So it is not unusual to find a Sarracenia in a nursery during the dead of winter that is actively growing. Up until it was sold to that nursery it was probably growing in optimal spring like conditions. These plants are probably no more the 6-8 months old since being taken out of the subculture flasks.

    If it says "no dormancy required" that is probably true if it is winter - for that winter only. The plants are not in sync with the natural seasons and for all they "know" it is still spring.

    What do to with one of these? Well, if you live in a climate that you can grow them outdoors year round you can put them outdoors to take their chances. Or you can grow them as best you can indoors and then put them outdoors in the spring. Once they are outdoors they will eventually grow in synchrony with the natural season although it may take one or two growing seasons.

    Forcing a plant into dormancy that is not ready for dormancy is probably more harmful (e.g. fatal) to the plant than skipping dormancy for one season.
    Grand Hotel... always the same. People come, people go. Nothing ever happens.

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    scottychaos's Avatar
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    hmm..thats very misleading..
    I wouldnt trust a company that says something like that..

    and..it was very easy to find out who said it!
    (I simply googled the quote!)

    http://triffidpark.com.au/htm_pages/market_specials.htm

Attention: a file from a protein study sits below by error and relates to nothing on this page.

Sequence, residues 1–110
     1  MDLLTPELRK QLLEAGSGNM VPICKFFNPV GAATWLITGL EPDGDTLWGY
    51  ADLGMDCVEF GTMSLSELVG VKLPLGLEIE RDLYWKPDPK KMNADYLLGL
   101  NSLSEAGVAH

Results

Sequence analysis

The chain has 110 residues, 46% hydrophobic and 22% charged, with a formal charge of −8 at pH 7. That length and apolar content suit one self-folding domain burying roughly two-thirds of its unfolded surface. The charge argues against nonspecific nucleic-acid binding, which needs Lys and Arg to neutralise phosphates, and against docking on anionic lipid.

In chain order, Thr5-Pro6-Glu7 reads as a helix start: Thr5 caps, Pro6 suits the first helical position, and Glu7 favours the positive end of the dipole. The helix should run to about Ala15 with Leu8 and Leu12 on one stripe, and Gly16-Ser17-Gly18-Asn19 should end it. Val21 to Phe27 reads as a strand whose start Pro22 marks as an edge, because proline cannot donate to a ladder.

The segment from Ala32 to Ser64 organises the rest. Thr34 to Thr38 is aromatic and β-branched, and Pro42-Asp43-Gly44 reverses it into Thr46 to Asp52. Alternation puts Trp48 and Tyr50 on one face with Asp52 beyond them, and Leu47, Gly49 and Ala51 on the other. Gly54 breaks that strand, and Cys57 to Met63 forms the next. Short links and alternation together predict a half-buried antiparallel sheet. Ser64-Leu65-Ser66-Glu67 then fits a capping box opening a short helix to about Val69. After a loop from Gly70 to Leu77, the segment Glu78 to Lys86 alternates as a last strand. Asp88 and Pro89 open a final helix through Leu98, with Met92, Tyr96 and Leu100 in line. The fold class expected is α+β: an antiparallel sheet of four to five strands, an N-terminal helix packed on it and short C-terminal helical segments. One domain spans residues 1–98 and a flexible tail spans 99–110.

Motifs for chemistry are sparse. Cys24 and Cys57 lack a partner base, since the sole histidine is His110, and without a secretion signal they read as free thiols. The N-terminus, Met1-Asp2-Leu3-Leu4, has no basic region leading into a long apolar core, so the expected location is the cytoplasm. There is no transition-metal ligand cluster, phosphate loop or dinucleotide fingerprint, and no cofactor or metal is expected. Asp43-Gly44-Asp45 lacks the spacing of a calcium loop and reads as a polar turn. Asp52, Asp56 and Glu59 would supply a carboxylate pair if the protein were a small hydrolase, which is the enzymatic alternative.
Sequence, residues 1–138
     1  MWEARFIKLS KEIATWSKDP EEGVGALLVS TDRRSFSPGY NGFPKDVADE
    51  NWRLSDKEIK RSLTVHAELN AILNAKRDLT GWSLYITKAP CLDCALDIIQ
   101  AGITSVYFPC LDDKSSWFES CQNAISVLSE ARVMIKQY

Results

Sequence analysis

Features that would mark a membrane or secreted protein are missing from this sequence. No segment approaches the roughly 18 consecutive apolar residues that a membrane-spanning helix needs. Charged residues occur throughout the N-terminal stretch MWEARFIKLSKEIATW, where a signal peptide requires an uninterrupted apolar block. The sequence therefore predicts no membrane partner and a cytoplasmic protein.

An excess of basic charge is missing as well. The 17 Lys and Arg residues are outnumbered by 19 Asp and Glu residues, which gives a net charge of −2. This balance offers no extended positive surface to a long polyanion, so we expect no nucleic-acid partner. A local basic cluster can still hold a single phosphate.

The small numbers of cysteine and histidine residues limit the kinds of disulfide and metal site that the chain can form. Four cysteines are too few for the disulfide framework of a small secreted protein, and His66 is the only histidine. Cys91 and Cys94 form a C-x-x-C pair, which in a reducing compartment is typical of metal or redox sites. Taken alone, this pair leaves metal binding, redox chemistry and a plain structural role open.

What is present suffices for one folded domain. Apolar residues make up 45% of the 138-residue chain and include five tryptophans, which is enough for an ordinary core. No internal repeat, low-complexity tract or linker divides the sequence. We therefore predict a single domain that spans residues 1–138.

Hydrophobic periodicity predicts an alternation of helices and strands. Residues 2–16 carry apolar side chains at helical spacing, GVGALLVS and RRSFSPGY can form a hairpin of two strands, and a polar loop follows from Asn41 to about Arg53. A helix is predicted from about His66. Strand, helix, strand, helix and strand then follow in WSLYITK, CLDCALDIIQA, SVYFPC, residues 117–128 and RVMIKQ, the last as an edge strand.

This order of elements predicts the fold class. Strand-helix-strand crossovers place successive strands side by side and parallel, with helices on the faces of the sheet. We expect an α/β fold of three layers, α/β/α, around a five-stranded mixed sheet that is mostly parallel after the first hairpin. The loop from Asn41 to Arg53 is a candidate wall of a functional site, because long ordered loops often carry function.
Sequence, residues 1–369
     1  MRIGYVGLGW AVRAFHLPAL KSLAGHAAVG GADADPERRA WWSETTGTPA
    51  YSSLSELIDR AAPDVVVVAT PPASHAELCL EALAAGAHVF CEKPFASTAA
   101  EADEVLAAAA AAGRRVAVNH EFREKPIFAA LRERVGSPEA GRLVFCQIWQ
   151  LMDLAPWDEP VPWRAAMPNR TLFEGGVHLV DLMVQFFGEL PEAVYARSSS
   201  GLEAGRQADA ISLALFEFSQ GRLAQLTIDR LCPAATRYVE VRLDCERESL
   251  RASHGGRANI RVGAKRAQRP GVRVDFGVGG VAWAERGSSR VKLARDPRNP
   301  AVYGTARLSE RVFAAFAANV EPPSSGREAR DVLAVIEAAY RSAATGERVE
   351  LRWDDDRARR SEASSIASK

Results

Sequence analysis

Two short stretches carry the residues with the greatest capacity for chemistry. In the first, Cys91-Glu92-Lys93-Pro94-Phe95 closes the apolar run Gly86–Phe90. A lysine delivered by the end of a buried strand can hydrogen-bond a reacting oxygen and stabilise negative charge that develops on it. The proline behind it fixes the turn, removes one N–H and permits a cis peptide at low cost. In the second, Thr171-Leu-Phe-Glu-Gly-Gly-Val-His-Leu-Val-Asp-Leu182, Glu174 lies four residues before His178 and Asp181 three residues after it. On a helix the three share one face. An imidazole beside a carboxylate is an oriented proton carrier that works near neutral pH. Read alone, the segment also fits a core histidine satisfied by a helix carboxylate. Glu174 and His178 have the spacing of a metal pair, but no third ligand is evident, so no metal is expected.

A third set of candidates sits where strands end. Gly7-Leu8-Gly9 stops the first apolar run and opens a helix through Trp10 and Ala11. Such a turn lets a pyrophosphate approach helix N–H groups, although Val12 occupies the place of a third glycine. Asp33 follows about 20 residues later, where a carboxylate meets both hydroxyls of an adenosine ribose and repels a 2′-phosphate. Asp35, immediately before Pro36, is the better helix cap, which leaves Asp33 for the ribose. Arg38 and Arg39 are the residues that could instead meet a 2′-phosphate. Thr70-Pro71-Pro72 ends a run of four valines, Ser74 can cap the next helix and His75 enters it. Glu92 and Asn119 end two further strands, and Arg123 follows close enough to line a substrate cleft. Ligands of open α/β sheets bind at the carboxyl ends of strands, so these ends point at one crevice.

Scot

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    scottychaos's Avatar
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    well..to be fair they do talk about dormancy on the cultivation page:

    http://triffidpark.com.au/htm_pages/...ous_plants.htm

    so at least they make people aware they go dormant..
    but then they also say:

    Sarracenia's require a high level of light. A window sill inside the
    house that gets morning sun in summer and afternoon sun in winter is an
    excellent position. Otherwise you can grow them in a terrarium,
    greenhouse, glasshouse or porch and some growers grow them outside in
    the full weather.
    Venus Fly Traps require a high level of light. A window sill
    inside the house that gets morning sun in summer and afternoon sun in
    winter is an excellent position. Otherwise you can grow them in a
    terrarium, greenhouse, glasshouse or porch and some growers grow
    them outside in the full weather.
    which is terrible advice..and prevents plants from properly going dormant!

    "A window sill inside the house that gets morning sun in summer and afternoon sun in
    winter" is not an "excellent position"..its a terrible position..and should be considered the last possible resort, used only if you have nothing else..

    They should really remove that blub about "Great for winter as they don't go dormant" though..
    since that one is CLEARLY not true..no gray area at all with that one..

    Scot

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    Brokken's Avatar
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    This seller is not saying that the plants don't require dormancy. He's saying that the plants don't go dormant during winter. This statement could be read as "It doesn't lose its folliage during winter" an attribute that could easily apply to S. purpurea and a number of purpurea hybrids.

    Besides, if you know better than this guy regarding sarracenia habits, what does it matter? Just ignore the bad advice and cultivate your sarras providing them the conditions that will result in optimal growth.
    "There is no pain as great as being alive,
    no burden heavier than that of conscious life. "
    -Rubén Darío-